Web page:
And as I learned of your life from the writers of those works we call our “Gospels”, certain things began to stand out. One of the first was my surprise, and, I must say disappointment, in your apparent aloofness and even coldness regarding your own family. Now, as I said earlier, I am aware that far too little can be conjectured about your life from the few fragments passed on to us, but, still, the one time when your family is brought to you when you are busy teaching followers, you sound downright dismissive and cold. The additional evidence of that lack of love and affection toward your mother or your father is the simple fact that there are so very few stories revealing any love or deep affection. So the question formed in my mind, ‘ If Jesus is held up to us as the shining example of one who showed God’s love here on earth, how could there be so little of it evidenced toward the very group that we might most expect to see it shown?’”
(Jesus replied: (??????)
“Thank you, Jesus! I had given up ever expecting to have that question answered. Let me go on with a related, but still somewhat different question, one that almost no one throughout our history would have dared ask out loud. As I said, this is a related question: A “normal” life for a young man in your time and in mine is that sometime during youth, the need for a female companion leads us to form a deep and intimate relationship with a young woman around our age, marry, have children, taking on the primary roles of husband and father. When a male adult rejects that role today, one possible reason is that he is “homosexual”, simply not drawn toward women as lifetime sexual and marriage partners. I’m aware that such a choice did not openly exist during your lifetime. In fact the topic of “sex” was not openly permitted then and is only recently becoming so. You are quoted by one of the Gospel writers as saying that “if a man ‘lusts’ after a woman, he has committed adultery in his heart. In our modern language we would translate that as saying that if we experience sexual arousal toward a woman who is not our wife, we are committing some kind of sin. Did you really believe that sexual arousal is in itself “sinful”?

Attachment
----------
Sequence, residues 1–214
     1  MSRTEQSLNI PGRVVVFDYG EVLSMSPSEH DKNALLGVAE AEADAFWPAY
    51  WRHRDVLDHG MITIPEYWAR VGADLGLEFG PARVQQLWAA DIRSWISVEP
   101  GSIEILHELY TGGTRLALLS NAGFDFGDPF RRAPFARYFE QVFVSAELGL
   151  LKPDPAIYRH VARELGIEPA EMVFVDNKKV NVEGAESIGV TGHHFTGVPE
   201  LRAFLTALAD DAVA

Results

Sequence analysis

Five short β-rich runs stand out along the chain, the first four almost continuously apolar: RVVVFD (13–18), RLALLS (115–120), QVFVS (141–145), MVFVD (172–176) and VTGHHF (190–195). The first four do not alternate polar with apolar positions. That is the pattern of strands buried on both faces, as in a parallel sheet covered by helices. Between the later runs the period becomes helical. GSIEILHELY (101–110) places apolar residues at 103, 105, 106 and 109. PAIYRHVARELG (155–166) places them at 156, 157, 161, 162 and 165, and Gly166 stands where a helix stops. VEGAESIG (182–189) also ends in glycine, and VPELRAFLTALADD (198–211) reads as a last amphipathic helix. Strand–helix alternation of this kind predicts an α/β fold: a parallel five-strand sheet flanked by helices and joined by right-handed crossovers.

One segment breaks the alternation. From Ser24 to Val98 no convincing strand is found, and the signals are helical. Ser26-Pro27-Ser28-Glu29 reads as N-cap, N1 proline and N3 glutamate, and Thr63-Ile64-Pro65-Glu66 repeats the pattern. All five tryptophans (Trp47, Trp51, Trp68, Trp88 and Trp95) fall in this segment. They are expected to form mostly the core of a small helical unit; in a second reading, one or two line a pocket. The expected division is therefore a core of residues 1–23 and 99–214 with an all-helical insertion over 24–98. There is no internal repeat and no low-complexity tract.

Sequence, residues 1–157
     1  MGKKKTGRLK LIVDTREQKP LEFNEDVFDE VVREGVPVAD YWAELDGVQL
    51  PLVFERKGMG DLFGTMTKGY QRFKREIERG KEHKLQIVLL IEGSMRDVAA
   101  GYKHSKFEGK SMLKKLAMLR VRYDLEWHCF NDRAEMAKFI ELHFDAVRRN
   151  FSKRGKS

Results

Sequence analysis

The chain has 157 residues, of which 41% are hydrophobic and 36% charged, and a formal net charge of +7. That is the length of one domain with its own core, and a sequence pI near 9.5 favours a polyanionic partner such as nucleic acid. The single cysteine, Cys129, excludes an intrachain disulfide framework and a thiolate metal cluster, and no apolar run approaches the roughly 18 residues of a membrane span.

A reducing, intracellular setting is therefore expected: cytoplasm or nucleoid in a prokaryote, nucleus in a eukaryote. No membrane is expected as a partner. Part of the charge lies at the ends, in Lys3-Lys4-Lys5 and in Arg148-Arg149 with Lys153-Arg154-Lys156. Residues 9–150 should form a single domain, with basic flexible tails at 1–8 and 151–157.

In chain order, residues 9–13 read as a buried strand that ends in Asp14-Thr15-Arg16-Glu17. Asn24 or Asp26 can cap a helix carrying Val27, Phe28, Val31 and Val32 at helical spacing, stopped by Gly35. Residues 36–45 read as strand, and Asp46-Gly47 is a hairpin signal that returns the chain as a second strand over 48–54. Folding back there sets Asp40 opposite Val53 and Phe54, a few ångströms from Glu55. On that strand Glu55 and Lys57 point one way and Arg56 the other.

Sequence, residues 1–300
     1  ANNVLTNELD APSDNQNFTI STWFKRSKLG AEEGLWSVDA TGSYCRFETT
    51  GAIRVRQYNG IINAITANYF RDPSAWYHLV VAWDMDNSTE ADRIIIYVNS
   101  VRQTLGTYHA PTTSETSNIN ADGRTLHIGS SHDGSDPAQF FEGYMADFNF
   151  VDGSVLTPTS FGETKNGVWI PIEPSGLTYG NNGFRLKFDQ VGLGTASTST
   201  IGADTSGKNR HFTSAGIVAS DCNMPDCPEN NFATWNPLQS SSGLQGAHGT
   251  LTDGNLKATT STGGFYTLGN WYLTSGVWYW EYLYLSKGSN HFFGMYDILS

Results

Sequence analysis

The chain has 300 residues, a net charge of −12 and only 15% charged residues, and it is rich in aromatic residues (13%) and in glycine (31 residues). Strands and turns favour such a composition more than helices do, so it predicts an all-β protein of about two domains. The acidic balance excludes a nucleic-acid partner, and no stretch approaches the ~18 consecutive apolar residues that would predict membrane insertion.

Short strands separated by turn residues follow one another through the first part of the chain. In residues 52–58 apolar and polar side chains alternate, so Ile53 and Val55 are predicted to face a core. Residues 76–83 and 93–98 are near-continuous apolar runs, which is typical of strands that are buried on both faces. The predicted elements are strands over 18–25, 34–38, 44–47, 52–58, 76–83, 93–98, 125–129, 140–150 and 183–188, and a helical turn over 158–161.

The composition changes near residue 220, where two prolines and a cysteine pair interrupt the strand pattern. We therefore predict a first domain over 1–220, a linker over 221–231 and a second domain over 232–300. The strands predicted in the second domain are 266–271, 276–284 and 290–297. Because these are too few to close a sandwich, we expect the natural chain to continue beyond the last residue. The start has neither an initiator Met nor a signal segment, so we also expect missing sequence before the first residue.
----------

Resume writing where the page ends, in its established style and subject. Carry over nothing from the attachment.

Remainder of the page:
(Jesus replies: ?????)
“Again, thank you Jesus. It is such a relief to hear your direct and honest answers to these questions we could not only get answered, but even felt forbidden to even think them, and certainly not voice them. Your honest answers are a very welcome relief.
Let me go on for a moment more regarding the issue of your relationships with the men and women of your time. It has seemed to me that while you chose a life depriving you of the rewards of intimacy of a woman, you also did, in fact reject the blessings coming from having a very dear and intimate male companion, and here I am not necessarily meaning a sexual partner, but simple a man whom you valued and trusted so deeply that you felt free to open yourself completely to him, also receiving the same intimacy in return. You instead chose a role of “teacher” to a group of men, none of whom you really considered your peer. They highly valued and respected you, but never considered themselves your equal. Your only “intimate” relationship appears to have been with the figure of “God” that had formed within your mind and heart. Was that all you really needed? Didn’t you get terribly lonely at times?
“Again, thank you so much for your open and honest answers. This visit is deeply meaningful to me and I will never forget it. I only with many more could have a similar visit with you.
Let me now move toward a conclusion. I spoke a moment ago of the “God” that had formed within you mind. It seems strange to me today to realize that I have never seen nor heard anyone offer the question, “Where did Jesus get his idea of God?” Were you somehow different than the people of your time and place? Did you have some other, more “direct” and “divine” source for your image of God? It appears from the words attributed to you by the first writers of your story that you shared the common images and religious concepts of the people of your culture. Like them, you refer to God as “Father”, giving ‘him’ gender. And you appear to conceive of God in the commonly held anthropomorphic manner of your time, which would seem entirely natural and normal. But for those who hold you as a ‘divine being’ it might be expected that you would instead have understood ‘God’ to have been the divine spirit which created and saturates not just the planet earth and the human residents thereon, but also the entire universe, including it’s more than one hundred billion stars in our own Milky Way Galaxy, but also the many billions of other galaxies. And were ;you aware also that it’s almost an absolute certainty that there are at least millions, and more probably billions of planets that are homes to countless forms of life, perhaps many more evolved than we humans here on planet Earth?
(Jesus offers lengthy reply:???????)
´I find your reply to be most interesting, and I’m sure that if you give me permission to share it with my contemporaries they will find it most interesting, as well. I feel sure that many will be unwilling to accept that it came from you and some may even become quite angry that I attributed your answer to you, believing, instead, that you would have something very different to say.”
(Jesus: Encourages my patience with any who are upset at what I offer as his words.)
(“Thank you, Jesus! I, of course will greatly welcome any chance for another visit between us in the future, but understand such times are rare indeed.”
Respectfully, Dean Watt